Register here to join this session.

TourismRecovery.ca was launched by Tourism HR Canada in June to help the sector respond to the COVID-19 crisis by providing timely information and practical tools at no cost. Tourism businesses have asked for webinars to help guide them through some of the big topics.

Designed for business owners, operators, and entrepreneurs, the webinar series will feature topics from TourismRecovery.ca. Each one-hour session will include practical information and guidance on how to address issues that will help businesses recover, sustain operations, and be more resilient. Webinars are scheduled to start promptly at 2 PM Eastern Time.

Strategic Planning Framework for Business Continuity

Wednesday, October 14 – 2:00 PM ET

This business strategy webinar will look at a framework to help small businesses seek guidance on managing through the COVID crisis to help ensure they can survive, and to be sure they can adapt to new business realities.

Register here to join this session.

Considering and Creating New Revenue Strategies

Wednesday, October 28 – 2:00 PM ET

Budgeting and finance concerns are top-of-mind for most businesses as they struggle to keep their doors open. This webinar will look at financial measures to help small businesses survive and build resilience and include tips on managing cash flow during lean times.

Register here to join this session.

Building Strategic Community Partnerships

Tuesday, November 10 – 2:00 PM ET

Tourism’s revival and growth is dependent on the ability of tourism businesses to engage in community-led strategies. This webinar will look at how to harness resources to create a destination that is ready and willing to accept visitors. The session will include tips on building consumer confidence that will help bolster the efforts made by tourism businesses to be safe and welcoming.

Register here to join this session.

Adapting to New Market Realities: Products, Pricing, Placement, Positioning

Tuesday, November 24 – 2:00 PM ET

With a focus on marketing and communications, this webinar will help small businesses revisit business strategies to align products and services with new and different markets. The session will include tips on developing a sales and marketing plan for new markets.

Register here to join this session.

Workforce Power Session

Wednesday, December 9 – 2:00 PM ET

This webinar will help employers navigate challenging staffing issues, exploring ways to recalibrate the staffing structure, plans to help employees transition back to work or new roles, and best practices to support employees with managing difficult circumstances such as transitioning to different jobs or coping with mental health needs.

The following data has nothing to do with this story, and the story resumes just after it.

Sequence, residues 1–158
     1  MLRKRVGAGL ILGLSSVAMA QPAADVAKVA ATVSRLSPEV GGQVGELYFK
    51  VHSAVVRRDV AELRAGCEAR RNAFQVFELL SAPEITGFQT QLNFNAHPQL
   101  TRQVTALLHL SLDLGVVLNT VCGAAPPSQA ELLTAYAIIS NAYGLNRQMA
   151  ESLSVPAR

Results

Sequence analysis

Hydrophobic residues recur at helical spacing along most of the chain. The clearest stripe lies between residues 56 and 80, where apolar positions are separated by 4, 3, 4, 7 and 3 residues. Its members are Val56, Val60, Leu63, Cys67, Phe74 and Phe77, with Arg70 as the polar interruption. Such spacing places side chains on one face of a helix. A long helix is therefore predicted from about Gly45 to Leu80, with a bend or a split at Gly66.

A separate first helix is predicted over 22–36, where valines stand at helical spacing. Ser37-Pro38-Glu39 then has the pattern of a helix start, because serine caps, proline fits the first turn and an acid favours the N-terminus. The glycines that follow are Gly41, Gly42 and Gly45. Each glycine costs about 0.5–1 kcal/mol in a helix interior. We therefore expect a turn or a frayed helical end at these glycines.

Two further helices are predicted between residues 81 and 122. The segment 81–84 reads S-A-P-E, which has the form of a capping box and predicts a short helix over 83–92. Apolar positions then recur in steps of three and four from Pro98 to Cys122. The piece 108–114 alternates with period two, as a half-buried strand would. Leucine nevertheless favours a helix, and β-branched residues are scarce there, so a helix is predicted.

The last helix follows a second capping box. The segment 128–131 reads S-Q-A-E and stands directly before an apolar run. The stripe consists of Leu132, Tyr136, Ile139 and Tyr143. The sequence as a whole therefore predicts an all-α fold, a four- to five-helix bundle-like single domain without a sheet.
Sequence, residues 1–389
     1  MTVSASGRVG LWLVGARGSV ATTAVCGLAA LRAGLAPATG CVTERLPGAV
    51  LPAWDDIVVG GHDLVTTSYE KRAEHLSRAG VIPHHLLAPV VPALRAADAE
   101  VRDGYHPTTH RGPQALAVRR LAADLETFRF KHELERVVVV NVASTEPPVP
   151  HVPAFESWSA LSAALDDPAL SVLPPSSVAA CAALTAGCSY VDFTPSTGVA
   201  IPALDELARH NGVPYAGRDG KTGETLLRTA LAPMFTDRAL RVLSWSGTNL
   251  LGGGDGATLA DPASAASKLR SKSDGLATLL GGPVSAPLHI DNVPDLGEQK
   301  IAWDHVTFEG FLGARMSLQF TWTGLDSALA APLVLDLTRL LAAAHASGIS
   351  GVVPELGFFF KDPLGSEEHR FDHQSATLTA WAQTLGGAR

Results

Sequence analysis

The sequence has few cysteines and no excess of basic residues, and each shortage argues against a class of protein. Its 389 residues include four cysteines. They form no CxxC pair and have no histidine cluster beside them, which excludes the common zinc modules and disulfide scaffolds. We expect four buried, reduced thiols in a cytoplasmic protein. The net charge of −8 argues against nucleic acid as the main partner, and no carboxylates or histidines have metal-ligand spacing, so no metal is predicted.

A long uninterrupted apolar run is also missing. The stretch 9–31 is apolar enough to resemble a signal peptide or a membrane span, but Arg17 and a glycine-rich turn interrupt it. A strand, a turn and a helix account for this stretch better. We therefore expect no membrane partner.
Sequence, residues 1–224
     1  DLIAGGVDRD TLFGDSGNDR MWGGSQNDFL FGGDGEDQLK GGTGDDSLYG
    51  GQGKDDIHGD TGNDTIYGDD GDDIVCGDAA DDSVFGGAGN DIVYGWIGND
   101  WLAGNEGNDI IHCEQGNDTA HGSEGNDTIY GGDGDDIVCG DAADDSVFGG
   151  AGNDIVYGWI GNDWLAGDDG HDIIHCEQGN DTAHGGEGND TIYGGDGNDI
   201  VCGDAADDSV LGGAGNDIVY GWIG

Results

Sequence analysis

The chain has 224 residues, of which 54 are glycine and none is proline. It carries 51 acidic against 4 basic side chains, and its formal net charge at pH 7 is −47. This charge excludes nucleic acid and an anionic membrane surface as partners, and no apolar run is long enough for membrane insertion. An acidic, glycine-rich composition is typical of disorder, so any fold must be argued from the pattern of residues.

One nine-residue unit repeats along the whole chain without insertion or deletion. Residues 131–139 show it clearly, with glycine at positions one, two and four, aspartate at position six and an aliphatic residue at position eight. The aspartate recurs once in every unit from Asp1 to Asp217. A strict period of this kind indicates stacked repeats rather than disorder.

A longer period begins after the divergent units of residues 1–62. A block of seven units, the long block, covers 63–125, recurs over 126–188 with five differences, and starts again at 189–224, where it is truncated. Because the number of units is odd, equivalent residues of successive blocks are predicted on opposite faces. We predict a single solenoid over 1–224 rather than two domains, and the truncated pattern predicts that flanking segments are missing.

Register here to join this session.

 

*Additional webinars may be added based on demand.

Amid the COVID-19 pandemic, tourism is one of the hardest-hit sectors in Canada and across the world. Full recovery is predicted to be as distant as mid-2022. Employment in the accommodations industry may not reach pre-COVID levels until as late as 2024.

Despite the uncertainty, the demand for travel will rebound. This opportunity for growth requires industry players to identify the role newcomers have as Canada’s hotels recover from the crisis.

To explore this more fully, join Café New Canadians for a virtual event on Thursday, October 8, at 7:30 PM Eastern Time.

This live chat features:

  • Vibha Vohra-Bhalla, Director, Services & Community Engagement at ACCES Employment
  • Philip Mondor, President and CEO of Tourism HR Canada
  • Pinar Uzunkaya, Assistant Project Manager at OTEC
  • Carol Logan, Director of Human Resources at The Prince George Hotel in Halifax

Sign up today to explore the role that immigrants have to play in the evolving Canadian hospitality industry, learn about Destination Employment, a free training program facilitated across the country, and hear panellists’ insights on how we will build a flourishing industry that welcomes travel and leisure to Canada once more.

The four guest speakers will also answer your questions live. See you there!

Register for Café New Canadians’ The future of the hotel and tourism industry in Canada virtual live chat

Future Skills Framework LogoCan you help us complete the validation of our new pan-Canadian tourism standards?

Tourism HR Canada has worked with experts from across Canada over the past two years to build the Future Skills Framework: a comprehensive set of competencies for our sector.

We now have just a few sections of the framework left and would love for you to provide your insights at this important stage.

If you have recent experience in any of the topics below, and can join us on Zoom on the relevant date(s) between 1pm and 3pm Eastern Time, please contact info@tourismhr.ca for more information.

Housekeeping: October 14th, 16th, and 20th

Sustainability: October 21st

Business Management: October 22nd

Guided Hunting: October 27th

Guided Fishing: October 29th

Participating in a session offers a unique opportunity to contribute to the standard for your field, while working together with fellow industry professionals from across Canada. We hope you can join us to guide tourism’s future!